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This article was published on November 27, 2017

We asked bookies about Mark Zuckerberg’s odds of winning the US Presidency

We asked bookies about Mark Zuckerberg’s odds of winning the US Presidency

Mark Zuckerberg insists that he has no plans to run for the presidency. The bookies, however, aren’t convinced. On Irish gambling site Paddy Power, he’s given pretty generous odds not only of him clinching the Democratic nomination (12:1, meaning if you bet $1, you’ll get $13 back), but also of winning the ultimate prize.

With 20/1 odds, Paddy Power thinks that a Zuckerberg presidency is equally as likely as Bernie Sanders winning the 2020 election, and more likely than Ted Cruz winning (who has 33/1 odds). That’s pretty remarkable, considering both Sanders and Cruz were runners-up for their respective parties’ nominations in the 2016 general election.

So, why does Zuckerberg have such favorable odds? I spoke to Lee Price, head of PR for Paddy Power, earlier this morning, who explained that betting markets respond to demand. If the company sees a flurry of bets for a particular thing, the odds on that will shorten considerably.

“First and foremost, the reason why [Zuckerberg has such favorable odds] is because we’ve had a lot of attention from the punters,” he said.

“He would have opened in the betting at 50/1 to be the US presidential election winner, but a series of bets — and we’re talking about tens of bets, not hundreds — have caused his price to plummet. It was as short as 16/1 last month, so there’s a lot of interest around him”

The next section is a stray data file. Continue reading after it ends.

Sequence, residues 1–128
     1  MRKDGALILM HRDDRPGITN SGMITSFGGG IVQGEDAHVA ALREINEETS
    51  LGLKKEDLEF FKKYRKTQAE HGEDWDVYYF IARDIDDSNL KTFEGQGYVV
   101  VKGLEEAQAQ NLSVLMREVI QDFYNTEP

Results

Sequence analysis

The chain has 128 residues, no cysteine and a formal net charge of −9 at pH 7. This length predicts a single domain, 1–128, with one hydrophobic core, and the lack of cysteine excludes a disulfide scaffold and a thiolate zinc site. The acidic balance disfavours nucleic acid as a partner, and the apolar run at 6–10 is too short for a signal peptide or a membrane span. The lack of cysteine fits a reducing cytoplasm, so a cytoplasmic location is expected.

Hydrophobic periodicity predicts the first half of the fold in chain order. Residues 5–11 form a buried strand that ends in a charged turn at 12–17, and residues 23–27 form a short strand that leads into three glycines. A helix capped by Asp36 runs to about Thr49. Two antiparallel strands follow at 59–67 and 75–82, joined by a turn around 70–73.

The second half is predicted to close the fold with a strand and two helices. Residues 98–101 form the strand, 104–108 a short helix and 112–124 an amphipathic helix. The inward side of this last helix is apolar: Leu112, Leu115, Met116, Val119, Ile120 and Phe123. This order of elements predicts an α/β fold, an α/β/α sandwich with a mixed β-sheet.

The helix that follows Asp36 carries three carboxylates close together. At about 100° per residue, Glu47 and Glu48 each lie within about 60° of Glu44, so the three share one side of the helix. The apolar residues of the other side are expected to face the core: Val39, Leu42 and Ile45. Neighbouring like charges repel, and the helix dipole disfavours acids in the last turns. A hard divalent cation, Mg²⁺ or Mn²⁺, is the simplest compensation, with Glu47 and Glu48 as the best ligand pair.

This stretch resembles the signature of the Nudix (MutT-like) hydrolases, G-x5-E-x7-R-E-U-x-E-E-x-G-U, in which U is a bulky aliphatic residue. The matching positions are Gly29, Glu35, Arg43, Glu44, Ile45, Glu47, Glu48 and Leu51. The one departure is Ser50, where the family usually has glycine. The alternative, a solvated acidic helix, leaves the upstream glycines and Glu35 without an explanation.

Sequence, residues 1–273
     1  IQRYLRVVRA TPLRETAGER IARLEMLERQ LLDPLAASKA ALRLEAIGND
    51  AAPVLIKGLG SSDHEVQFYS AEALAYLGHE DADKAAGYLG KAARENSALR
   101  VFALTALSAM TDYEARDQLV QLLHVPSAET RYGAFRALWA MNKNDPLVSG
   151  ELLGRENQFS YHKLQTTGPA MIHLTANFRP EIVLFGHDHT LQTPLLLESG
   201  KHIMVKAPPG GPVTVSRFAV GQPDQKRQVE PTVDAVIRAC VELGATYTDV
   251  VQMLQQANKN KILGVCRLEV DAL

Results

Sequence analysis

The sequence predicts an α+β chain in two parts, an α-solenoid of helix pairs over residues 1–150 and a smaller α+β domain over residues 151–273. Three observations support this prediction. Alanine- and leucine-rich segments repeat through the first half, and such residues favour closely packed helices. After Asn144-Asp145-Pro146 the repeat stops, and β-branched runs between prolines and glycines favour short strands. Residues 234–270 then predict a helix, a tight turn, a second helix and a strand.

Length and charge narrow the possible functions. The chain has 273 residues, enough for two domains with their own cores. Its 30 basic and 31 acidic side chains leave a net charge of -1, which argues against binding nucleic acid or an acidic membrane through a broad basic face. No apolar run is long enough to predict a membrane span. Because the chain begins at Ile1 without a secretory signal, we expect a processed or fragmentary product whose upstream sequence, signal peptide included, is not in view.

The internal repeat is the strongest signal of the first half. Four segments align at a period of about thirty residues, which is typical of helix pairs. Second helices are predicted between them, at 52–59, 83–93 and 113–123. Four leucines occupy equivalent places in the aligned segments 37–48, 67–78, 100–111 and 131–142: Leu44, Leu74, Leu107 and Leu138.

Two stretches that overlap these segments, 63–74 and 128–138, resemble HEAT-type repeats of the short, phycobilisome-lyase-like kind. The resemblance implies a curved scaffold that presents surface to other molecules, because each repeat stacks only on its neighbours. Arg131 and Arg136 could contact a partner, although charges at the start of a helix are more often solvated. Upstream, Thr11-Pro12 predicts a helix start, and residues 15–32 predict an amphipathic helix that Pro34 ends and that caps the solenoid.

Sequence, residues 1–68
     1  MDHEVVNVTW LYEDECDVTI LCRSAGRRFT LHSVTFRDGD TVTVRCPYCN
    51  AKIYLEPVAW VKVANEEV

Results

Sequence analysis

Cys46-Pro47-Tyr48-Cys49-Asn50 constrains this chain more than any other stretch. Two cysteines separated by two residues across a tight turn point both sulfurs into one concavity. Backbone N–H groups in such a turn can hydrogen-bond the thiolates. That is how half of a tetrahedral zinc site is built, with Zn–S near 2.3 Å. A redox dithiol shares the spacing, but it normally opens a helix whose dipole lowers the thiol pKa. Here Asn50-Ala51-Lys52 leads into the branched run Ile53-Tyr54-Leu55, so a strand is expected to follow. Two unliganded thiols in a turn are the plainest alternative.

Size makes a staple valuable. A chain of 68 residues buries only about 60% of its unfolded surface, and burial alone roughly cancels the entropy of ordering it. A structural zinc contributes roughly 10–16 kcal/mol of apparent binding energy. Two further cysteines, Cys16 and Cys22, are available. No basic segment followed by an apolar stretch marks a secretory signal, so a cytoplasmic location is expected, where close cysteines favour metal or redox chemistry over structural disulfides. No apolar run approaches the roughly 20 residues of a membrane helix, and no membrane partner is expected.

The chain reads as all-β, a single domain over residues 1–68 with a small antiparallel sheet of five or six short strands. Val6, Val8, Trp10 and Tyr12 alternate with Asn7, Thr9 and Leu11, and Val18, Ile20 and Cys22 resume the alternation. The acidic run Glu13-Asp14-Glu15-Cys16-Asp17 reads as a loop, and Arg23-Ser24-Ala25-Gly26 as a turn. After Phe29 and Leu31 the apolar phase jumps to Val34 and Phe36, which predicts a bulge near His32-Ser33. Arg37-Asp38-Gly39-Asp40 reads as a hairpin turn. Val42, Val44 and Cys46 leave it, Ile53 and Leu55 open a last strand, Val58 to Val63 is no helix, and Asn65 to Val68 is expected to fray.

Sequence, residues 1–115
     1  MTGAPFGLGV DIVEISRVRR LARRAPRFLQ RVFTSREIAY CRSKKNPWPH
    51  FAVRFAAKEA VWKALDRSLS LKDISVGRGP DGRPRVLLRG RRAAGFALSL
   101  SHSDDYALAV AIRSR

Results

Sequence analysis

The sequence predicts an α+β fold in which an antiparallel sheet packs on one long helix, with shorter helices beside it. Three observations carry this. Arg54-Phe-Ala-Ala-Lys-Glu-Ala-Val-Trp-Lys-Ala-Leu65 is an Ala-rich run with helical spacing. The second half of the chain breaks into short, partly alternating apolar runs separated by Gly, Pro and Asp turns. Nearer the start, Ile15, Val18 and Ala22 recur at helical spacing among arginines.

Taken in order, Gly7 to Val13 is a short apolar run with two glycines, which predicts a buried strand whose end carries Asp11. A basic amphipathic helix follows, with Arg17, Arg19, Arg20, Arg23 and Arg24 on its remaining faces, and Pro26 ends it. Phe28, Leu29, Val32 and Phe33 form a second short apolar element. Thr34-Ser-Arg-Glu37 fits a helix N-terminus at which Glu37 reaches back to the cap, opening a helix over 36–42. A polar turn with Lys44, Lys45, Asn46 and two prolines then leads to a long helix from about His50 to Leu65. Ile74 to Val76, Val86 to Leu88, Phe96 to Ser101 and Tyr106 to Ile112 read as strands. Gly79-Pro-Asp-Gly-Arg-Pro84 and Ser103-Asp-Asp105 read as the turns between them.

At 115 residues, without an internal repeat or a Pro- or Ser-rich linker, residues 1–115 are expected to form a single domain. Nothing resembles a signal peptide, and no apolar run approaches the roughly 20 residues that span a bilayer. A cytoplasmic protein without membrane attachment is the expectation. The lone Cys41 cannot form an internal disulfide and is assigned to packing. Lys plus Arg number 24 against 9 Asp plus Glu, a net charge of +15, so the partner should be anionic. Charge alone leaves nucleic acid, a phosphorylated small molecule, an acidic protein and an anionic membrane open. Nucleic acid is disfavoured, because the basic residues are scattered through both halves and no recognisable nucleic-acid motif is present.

“For context, he’s around the likes of Dwayne ‘The Rock’ Johnson, who is 16/1; George Clooney, who is 20/1; and quite a way off from current-President Donald Trump, who is 5/2,” Price added.

There’s another factor at play here, too. Last year was a disaster for the bookies, as three things thought unlikely to pass, did. The first two are obvious: Donald Trump won the US election (this alone cost Paddy Power nearly £3.5 million, according to British tabloid The Sun), and the UK voted (albeit narrowly) to leave the European Union.

The other is less well-known. Against all odds, Leicester City — a struggling soccer team who had only joined England’s top-flight league in 2014, and constantly flirted with relegation — won the Premiership. At the start of the season, some bookies were offering odds as long as 5,000/1, leaving some fans with payouts as large as £250,000.

These events have resulted in the bookies becoming more cautious. “We definitely always want to avoid another ‘Leicester City’ scenario,” explained Price. “It cost us a lot of money.”

Zuckerberg is still quite a long-shot, but his odds reflect a sense of cautiousness that suggests there’s a distinct possibility it might happen. “If Trump can get elected, can you really rule out Mark Zuckerberg?,” asked Price.

Probably not.

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